- Sandy Hook - North Maintenance Yard (May 2014) three holes were drilled at Sandy Hook to understand the Quaternary evolution of the spit and to understand the differential sinking rate between coastal plain and bedrock locations.
- Sandy Hook - South Maintenance Yard (May 2014) three holes were drilled at Sandy Hook to understand the Quaternary evolution of the spit and to understand the differential sinking rate between coastal plain and bedrock locations.
- Sandy Hook - Salt Shed (May 2014) three holes were drilled at Sandy Hook to understand the Quaternary evolution of the spit and to understand the differential sinking rate between coastal plain and bedrock locations.
- Sandy Hook - South Maintenance Yard - Deep Hole (October-November 2014) was drilled to help understand the facies and continuity of aquifer units in the Magothy Formation (Coniacian-?Santonian) and to determine the depth and nature of bedrock.
In total, these coreholes recovered 14,928.7 ft from 18,793.5 ft drilled (79% recovery).
Successful drilling onshore in the New Jersey Coastal Plain (onshore ODP Legs 150X and 174AX) and offshore on the NJ shelf and slope (ODP Legs 150, 174A) has provided:
- ages for major Late Cretaceous-Cenozoic sequence boundaries;
- causal links between the formation of sequence boundaries and the growth of ice sheets between ca. 42 and ca. 10 Ma, and hints that such a link exists in the older, supposedly ice-free world (e.g., ca. 71 Ma);
- preliminary estimates of the amplitudes of global sea-level changes;
- timing of major sea level falls and generation of new sea level curve for the Late Cretaceous to Recent;
- evaluation of links among sequence stratigraphic architecture, global sea-level variations, and margin evolution; and
- constraints on the causes of major global events in Earth history, including the middle Eocene-earliest Oligocene global cooling, the late Paleocene thermal maximum, the K/T boundary, early and late Maastrichtian events, and the Cenomanian/Turonian carbon extraction event.
|Island Beach||39°48'10"N||74°05'37"W||March-May, 1993||12||3.7||1223|
|Atlantic City||39°22.7'N||74°25.4'W||June-July, 1993||5||1.5||1452|
|Cape May||38°56'52"N||74°53'00"W||March-April, 1994||5||1.5||1500|
|Bass River||39°36'42"N||74°26'12"W||October-November, 1996||28||8.5||1956.5|
|Ocean View||39°10'43.826"N||74°43'31.643"W||September-October, 1999||9.4||2.9||1575|
|Bethany Beach||38°32'53"N||75°03'45"W||May-June, 2000||4.6||1.4||1470|
|Fort Mott||39°36'19.956"N||75°33'07.175"W||October, 2001||3.79||1.2||820|
|Sea Girt||40°07'12.698"N||74°01'58.25"W||September-November, 2003||9.8||3.0||1600|
|Cape May Zoo||39°06.279" N||74°48.855"W||September-October, 2004||22||6.7||720|
|Medford||39°53’48.815” N||74°49’15.904' W||April-May, 2007||34||10.4||1090|
|Double Trouble||39° 53.747’ N||74° 13.402 W||October, 2008||50||
|Wilson Lake||39°39.590' N||75°02.830' W||May, 2011||118||36||
|Sandy Hook (NMY)||40°26.165' N||74°00.297' N||May, 2014||7||2.1||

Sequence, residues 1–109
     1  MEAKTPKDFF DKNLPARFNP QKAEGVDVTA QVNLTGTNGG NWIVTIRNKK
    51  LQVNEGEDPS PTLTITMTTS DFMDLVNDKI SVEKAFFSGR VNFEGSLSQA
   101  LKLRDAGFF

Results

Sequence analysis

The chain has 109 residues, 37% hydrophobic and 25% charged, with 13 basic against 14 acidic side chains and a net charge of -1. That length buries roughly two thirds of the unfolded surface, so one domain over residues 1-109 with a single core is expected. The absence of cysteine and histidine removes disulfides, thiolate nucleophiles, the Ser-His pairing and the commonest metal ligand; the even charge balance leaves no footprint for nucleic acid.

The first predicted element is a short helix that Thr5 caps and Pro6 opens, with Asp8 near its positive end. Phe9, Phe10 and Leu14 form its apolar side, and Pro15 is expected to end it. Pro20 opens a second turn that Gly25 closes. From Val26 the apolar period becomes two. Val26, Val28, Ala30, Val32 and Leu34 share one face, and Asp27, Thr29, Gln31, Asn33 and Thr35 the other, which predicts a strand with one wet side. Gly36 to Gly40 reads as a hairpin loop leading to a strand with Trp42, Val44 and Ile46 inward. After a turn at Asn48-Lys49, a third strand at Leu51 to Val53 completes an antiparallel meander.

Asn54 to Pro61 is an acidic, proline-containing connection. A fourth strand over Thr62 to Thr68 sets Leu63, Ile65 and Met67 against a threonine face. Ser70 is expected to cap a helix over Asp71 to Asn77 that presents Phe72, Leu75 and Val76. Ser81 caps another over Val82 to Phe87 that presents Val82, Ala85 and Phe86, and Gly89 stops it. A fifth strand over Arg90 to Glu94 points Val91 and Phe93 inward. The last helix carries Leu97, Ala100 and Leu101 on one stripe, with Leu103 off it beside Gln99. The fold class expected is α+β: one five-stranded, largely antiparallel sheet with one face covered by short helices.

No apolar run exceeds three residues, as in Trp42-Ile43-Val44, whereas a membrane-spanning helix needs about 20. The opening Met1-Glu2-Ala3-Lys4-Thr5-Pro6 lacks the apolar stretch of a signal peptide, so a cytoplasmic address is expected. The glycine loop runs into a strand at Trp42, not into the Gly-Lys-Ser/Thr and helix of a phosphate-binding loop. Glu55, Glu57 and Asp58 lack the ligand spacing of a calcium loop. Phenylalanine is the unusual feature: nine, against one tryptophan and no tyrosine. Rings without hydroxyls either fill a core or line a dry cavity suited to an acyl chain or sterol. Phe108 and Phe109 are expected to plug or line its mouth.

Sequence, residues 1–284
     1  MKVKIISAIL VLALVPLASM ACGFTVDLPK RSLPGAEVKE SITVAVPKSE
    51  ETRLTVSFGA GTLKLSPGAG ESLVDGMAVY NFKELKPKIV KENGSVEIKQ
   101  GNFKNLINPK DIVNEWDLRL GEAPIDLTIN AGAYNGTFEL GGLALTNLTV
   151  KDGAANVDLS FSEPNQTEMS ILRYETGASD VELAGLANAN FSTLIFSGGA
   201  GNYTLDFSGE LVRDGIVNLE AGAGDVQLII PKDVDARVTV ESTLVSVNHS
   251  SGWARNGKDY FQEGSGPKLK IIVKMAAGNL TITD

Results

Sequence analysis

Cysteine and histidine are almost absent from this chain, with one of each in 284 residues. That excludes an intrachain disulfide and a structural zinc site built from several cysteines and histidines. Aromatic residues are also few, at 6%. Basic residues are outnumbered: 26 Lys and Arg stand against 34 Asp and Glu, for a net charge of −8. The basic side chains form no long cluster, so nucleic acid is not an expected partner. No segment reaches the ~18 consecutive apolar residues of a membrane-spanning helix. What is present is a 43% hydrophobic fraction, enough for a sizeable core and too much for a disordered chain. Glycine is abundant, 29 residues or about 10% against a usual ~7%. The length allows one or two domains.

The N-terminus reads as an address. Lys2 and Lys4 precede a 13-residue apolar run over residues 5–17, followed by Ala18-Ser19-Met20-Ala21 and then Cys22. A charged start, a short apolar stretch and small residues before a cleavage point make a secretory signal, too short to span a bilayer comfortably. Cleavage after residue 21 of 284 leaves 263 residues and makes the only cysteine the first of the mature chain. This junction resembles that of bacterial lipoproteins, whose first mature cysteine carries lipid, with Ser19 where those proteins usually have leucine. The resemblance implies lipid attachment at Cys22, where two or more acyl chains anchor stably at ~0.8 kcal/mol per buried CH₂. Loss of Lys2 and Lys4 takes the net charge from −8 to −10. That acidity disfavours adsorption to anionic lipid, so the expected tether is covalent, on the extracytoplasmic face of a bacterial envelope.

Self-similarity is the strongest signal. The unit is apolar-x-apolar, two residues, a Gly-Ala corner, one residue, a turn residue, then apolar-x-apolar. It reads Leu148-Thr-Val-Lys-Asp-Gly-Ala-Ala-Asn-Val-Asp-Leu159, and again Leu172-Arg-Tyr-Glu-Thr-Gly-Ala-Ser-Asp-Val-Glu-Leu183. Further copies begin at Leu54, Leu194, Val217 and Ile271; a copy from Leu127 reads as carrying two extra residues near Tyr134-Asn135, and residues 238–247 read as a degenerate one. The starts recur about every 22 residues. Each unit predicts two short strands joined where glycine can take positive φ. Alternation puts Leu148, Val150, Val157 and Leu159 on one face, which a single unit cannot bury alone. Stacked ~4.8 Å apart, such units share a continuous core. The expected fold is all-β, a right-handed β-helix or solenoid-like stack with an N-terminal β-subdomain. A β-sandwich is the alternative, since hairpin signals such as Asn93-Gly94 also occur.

|Sandy Hook (SMYA)||40°26.010' N||73°59.197' N||May, 2014||6||1.8||
|Sandy Hook (SS)||40°27.052' N||73°59.793' N||May, 2014||11||3.4||
|Sandy Hook (SMYB)||40°26.010' N||73°59.197' N||October, 2014||6||1.8||
|Sandy Hook (SMYC)||40°26.010' N||73°59.197' N||Oct-Nov, 2014||6||1.8||744|
|Age of oldest strata||7.5'quardrangle|
|Island Beach||372.8||1060||Upper Cretaceous (Maastrichtian)||Barnegat Light, NJ|
|Atlantic City||442.6||977.0||middle Eocene||Oceanville, NJ|
|Cape May||457.2||1229.0||upper Eocene||Cape May, NJ|
|Bass River||596.3||1685.9||Upper Cretaceous (Cenomanian)||New Gretna, NJ|
|Ancora||356.6||1285.3||Upper Cretaceous (Cenomanian)||Hammonton, NJ|
|Ocean View||480.1||1271.1||middle Eocene||Sea Isle City, NJ|
|Bethany Beach||448.1||1166.5||uppermost Oligocene||Bethany Beach, DE|
|Fort Mott||249.9||638.9||Lower Cretaceous (Aptian/?Barremian)||Delaware City, DE|
|Millville||457.2||1261.3||Upper Cretaceous (Cenomanian)||Millville, NJ|
|Sea Girt||487.7||1215.6||Upper Cretaceous (Cenomanian)||Point Pleastant, NJ|
|Cape May Zoo||219.5||499.4||lower Miocene||Stone Harbor, NJ|
|Medford||332.2||762.7||Lower Cretaceous (Aptian/?Barremian)||Mount Holly|
|Double Trouble||261.5||635||Maastrichtian||Toms River|
|Wilson Lake||140||347.6||Campanian||Pitman East|
|Sandy Hook (NMY)||285||183.95||Holocene||Sandy Hook|
|Sandy Hook (SMYA)||175||89.5||Coniacian-?Santonian||Sandy Hook|
|Sandy Hook (SS)||255||174.5||Coniacian-?Santonian||Sandy Hook|
|Sandy Hook (SMYB)||730||449.35||Coniacian-?Santonian||Sandy Hook|
|Sandy Hook (SMYC)||744||18.15||Coniacian-?Santonian||Sandy Hook|
|Island Beach||173||Miller, et al., 1994|
|Atlantic City||138||Miller, et al., 1994|
|Cape May||179||Miller, Liu et al., 1996|
|Bass River||206||Miller, Sugarman et al., 1998|
|Ancora||151||Miller, Sugarman et al., 1999|
|Ocean View||177||Miller, Sugarman et al., 2001|
|Bethany Beach||164||Miller, McLaughlin et al., 2002|
|Fort Mott||119||Sugarman, Miller et al., 2004|
|Millville||176||Sugarman, Miller et al., 2005|
|Sea Girt||168||Miller, Sugarman et al., 2006|
|Cape May Zoo||72||Sugarman, Miller et al., 2007|
|Medford||110||Sugarman, Miller et al., 2010|
|Double Trouble||83||Browning, Sugarman, Miller et al., 2011|